As you may know, government officials around the world are currently deliberating in Paris in an attempt to create a legally binding agreement to combat climate change at COP21. Beginning on November 30th, and lasting until December 11th, the UN Paris Climate Talks are aiming to build a “Paris Climate Alliance” capable of keeping the average global temperature rise below 2 degrees Celsius that is universal, flexible, balanced, and dynamic. Policymakers have been working away at a draft text that went from a lengthy 34,678 words and 1,609 unresolved brackets, to a current 19,733 words and 361 unresolved brackets. Although Continue reading COP21 and 2 Degrees
Royalty free music credits go to Bensound (www.bensound.com) for the opener, and “Up on a Housetop” by Kevin MacLeod (incompetech.com). Full transcript (with links): NICKY: Hello and welcome to episode number three of Soundcast, the Econ Department’s official Podcast. I’m one of your hosts, Nicky Smit. COLE: And I’m host number two, Cole Driscoll, and have we got a topic for today. You guessed it, Black Friday. NICKY: And Cyber Monday and Thanksgiving and all these other days with big sales. There’s something of interest happening here, Black Friday sales went down. C: And so did in-store sales on Thanksgiving. This Episode Continue reading SoundCast – Episode 3: Black Friday
Economimist Martin Armstrong recently claimed that the monetary value taken in by police seizures exceeded the monetary value of damages due to burglary. In 2014, around $4.5 billion dollars were seized by the police while only $3.9 billion dollars were lost by burglaries. As Martin writes, “this means that the police are now taking more assets than the criminals.” Now, this is a somewhat arbitrary comparison; the fact that one value exceeds the other doesn’t hold any inherent meaning in particular. A large part of police seizures come from drug trafficking networks and other criminal syndicates not directly connected to Continue reading Police Seizures Balloon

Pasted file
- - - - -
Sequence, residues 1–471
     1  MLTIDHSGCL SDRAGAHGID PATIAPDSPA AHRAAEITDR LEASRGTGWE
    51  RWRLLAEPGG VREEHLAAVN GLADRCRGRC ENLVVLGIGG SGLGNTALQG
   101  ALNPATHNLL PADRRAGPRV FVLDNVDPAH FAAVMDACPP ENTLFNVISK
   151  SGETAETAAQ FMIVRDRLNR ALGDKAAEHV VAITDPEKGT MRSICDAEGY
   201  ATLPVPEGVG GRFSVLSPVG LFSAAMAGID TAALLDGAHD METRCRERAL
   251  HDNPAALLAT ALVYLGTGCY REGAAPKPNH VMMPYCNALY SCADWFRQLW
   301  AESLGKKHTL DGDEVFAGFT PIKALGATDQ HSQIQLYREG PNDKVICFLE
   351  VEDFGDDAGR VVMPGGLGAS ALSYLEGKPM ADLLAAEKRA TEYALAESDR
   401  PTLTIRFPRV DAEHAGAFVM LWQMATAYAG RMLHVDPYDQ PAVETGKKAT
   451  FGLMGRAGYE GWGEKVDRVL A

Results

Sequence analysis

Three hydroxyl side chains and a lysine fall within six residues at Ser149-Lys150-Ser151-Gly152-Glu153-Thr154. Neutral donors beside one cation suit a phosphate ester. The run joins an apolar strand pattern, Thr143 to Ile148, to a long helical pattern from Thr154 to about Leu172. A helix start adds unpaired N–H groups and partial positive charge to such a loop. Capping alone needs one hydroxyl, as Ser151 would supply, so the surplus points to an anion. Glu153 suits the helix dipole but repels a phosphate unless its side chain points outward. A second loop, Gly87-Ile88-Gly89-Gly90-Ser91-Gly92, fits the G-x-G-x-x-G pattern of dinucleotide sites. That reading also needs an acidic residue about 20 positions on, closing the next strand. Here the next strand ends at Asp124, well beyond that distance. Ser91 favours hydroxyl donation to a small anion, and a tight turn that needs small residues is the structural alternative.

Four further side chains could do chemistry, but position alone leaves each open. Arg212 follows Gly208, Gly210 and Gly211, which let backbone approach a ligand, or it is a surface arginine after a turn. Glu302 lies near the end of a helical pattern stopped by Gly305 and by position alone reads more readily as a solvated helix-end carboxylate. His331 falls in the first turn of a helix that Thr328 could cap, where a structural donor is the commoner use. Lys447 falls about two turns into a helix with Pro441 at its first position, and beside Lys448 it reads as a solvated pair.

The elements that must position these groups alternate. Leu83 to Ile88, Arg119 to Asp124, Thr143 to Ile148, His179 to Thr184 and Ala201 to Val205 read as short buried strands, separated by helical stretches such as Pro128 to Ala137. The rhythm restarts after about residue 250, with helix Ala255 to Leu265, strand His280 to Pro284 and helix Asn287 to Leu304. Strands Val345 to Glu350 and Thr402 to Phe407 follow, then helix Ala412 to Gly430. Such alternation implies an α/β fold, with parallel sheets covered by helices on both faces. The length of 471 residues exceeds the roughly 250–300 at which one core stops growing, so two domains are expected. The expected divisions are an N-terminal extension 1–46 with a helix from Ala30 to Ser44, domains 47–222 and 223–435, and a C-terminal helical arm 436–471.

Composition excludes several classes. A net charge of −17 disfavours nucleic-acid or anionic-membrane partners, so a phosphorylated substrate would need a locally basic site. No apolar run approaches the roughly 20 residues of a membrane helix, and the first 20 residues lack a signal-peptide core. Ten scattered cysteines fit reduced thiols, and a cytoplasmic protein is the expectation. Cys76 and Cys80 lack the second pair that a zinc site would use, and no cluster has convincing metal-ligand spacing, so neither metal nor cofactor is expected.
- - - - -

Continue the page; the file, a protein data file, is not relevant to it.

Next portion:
As the fall semester winds down, keep in mind that it’s never too early to start thinking about summer internships. Here is an research internship through the University of Maryland Eastern Shore, on the economic impact of offshore fishing tournaments. This opportunity might be right for you if you have an interest in natural resource or environmental economics. Application information is here: credentials must be submitted by May 1, 2016, and expected internship dates are from June to September.
I write about wealth inequality sometimes, it’s an important issue in the US (at least to me). The distribution of wealth is incredibly skewed. The US’ wealthiest people (400 of them) own more wealth than 61% of the country. I always wondered what would happen if some of them just gave up a bunch of their wealth to those less fortunate, and not in a controlled superficially-philanthropic way, but a massive Ebenezer Scrooge-ish dump of their assets. Mark Zuckerberg almost made my dream come true yesterday when he announced he was giving away 99% of his and his wife’s worth in Facebook stock, Continue reading Mark Zuckerberg’s Really, Really Impure Altruism